What I would like to know has any every made one usingbrocades, oriental silks, velvets etc fabric?Would a foundation fabric be needed when using thesekinds of fabrics?Are they machine washable? or would it be best to dry cleanonly?What would be a good size to make?
Any other valuable information would be great.
I have been collecting fabrics like this for a few years andsomeday I HOPE to make one, but I am scared of ruining my fabrics.Thanks in advance for any replies.
I am still new to this but will answer as I can from what I have learned so far ....
Louise:What I would like to know has any every made one usingbrocades, oriental silks, velvets etc fabric?
The two projects I have been working on have a combination of these fabrics and some cotton. You can mix them up however you want.
Louise:Are they machine washable? or would it be best to dry cleanonly?
I would not consider machine washing as the agitation of the washer may damage some of your fabrics and embellishments. Dry cleaning is also not a good option if you use beads, sequins, some buttons also don't take to chemicals. A gentle Hand washing is best. You can test small pieces of your fabrics for waterfastness.
Louise:What would be a good size to make?
I think a 10 to 12 inch block is a good size to showcase several fabrics, and give you some decent size areas to embellish.
Louise:I have been collecting fabrics like this for a few years andsomeday I HOPE to make one, but I am scared of ruining my fabrics.
Why not do a practice using cotton first? They're easy to handle for a beginning block.
Louise:Would a foundation fabric be needed when using thesekinds of fabrics?
Definitely. Usually muslin is used. You need to use something that is easy to "needle".The foundation helps support your stitches and keeps the fabrics from being stressed as you hoop.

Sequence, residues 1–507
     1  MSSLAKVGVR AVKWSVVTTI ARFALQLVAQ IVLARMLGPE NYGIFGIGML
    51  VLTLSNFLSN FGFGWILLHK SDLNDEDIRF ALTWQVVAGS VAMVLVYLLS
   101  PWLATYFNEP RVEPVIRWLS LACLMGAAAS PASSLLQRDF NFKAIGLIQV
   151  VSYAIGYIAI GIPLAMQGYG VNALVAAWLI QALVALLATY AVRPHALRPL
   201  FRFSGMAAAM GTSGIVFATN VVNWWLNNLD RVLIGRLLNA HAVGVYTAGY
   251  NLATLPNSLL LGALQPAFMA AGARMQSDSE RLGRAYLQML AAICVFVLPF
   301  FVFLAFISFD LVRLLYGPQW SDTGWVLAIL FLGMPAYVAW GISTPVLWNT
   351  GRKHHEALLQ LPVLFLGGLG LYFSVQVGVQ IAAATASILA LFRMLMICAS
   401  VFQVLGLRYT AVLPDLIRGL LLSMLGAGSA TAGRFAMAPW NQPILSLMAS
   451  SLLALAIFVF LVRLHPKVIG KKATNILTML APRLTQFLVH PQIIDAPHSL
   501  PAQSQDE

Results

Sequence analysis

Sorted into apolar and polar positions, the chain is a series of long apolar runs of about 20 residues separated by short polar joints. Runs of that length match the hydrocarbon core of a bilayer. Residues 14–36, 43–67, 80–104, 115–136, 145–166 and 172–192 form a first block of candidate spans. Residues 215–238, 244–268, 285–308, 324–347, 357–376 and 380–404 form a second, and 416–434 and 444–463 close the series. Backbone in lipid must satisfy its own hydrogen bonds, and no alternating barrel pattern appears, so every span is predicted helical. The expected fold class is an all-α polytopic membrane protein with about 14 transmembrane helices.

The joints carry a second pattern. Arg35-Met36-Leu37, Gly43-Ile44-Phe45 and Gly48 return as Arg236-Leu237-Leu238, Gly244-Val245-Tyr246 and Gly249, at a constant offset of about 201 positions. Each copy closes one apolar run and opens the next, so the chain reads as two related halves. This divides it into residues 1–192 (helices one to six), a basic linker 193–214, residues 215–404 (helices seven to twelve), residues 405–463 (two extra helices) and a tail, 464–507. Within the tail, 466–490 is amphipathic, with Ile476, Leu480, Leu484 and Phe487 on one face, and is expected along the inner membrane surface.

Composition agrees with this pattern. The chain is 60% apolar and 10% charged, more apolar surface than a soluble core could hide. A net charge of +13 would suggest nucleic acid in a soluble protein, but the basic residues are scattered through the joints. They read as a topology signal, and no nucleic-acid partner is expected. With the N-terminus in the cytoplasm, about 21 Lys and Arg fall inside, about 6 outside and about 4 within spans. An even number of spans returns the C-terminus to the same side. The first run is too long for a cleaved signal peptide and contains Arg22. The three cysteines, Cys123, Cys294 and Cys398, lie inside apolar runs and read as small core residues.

I forgot to add in the BLOG section, Linny has done some wonderful tutorials and links for us. I don't know if you have had time to check them out.
Stephanie has given you some great advice. The only thing I would say is try anything that you think will work because it has been my experience this is a dive in take a chance and see what happens kind of thing. I love the freedom that it gives me and I also love that it allows me to use other skills that I haven't had the chance to use in a long time like embroidery. There is also an amazing since of freedom with crazy quilt that I have not found in piecing and patching.
These are my favorite fabrics. I love the Victorian look. I wet the fabric well with hot water. If the color in a fabric starts to bleed when it hits the water it immediately goes in the garbage, no matter how pretty it is. I spin the pieces of fabric in the washer and then dry them in the dryer. After all that I feel comfortable in saying the finished product is hand washable and it won't shrink and the colors won't run. I've sometimes prewashed cotton lace and trim if it seems they might shrink. Have fun!
Thanks for the great idea Joyce. I can't think of anything more disappointing than to go to such hard work and have it bleed together down the road. I just thought of something else. There is a product called Retayne that can be washed with fabrics to keep them from bleeding. A lot of people use that if they haven't prewashed fabrics when they make a quilt.
Hi, and welcome, Louise. I don't know how I missed this post. Traditional Victorian crazy quilting was done with leftovers from clothing and home use fabrics, which in the Victorian day were sometimes silk and brocaide. Any fabric you want is okay, just as long as you are willing to work with it. By this I mean you should consider your embellishments, too. The fabric as well as the embellishment materials you choose will determine if you should wash or dry clean. A foundation is used and it is commonly a muslin. This is what stabilizes the patches in your quilt which are usually oddly shaped with some or all edges on bias. When choosing your foundation, you should consider how strong it needs to be, not only based on the fabrics you use, but also on the embellishments.
For a first time you might consider using cotton scraps and practicing. You could just make a trivet or something small, just to see if you like it. This will give you confidence before chopping up your fancy fabrics.
Check out the tutorials in the Blog sectionand the links file in the Pages section of this group. Have fun with this! It is liberating fiber art and anything goes. That's why we love it so much. Don't be afraid to ask questions, either. The people in this group love to help and learn together.
Welcome Louise to our fun and crazy group!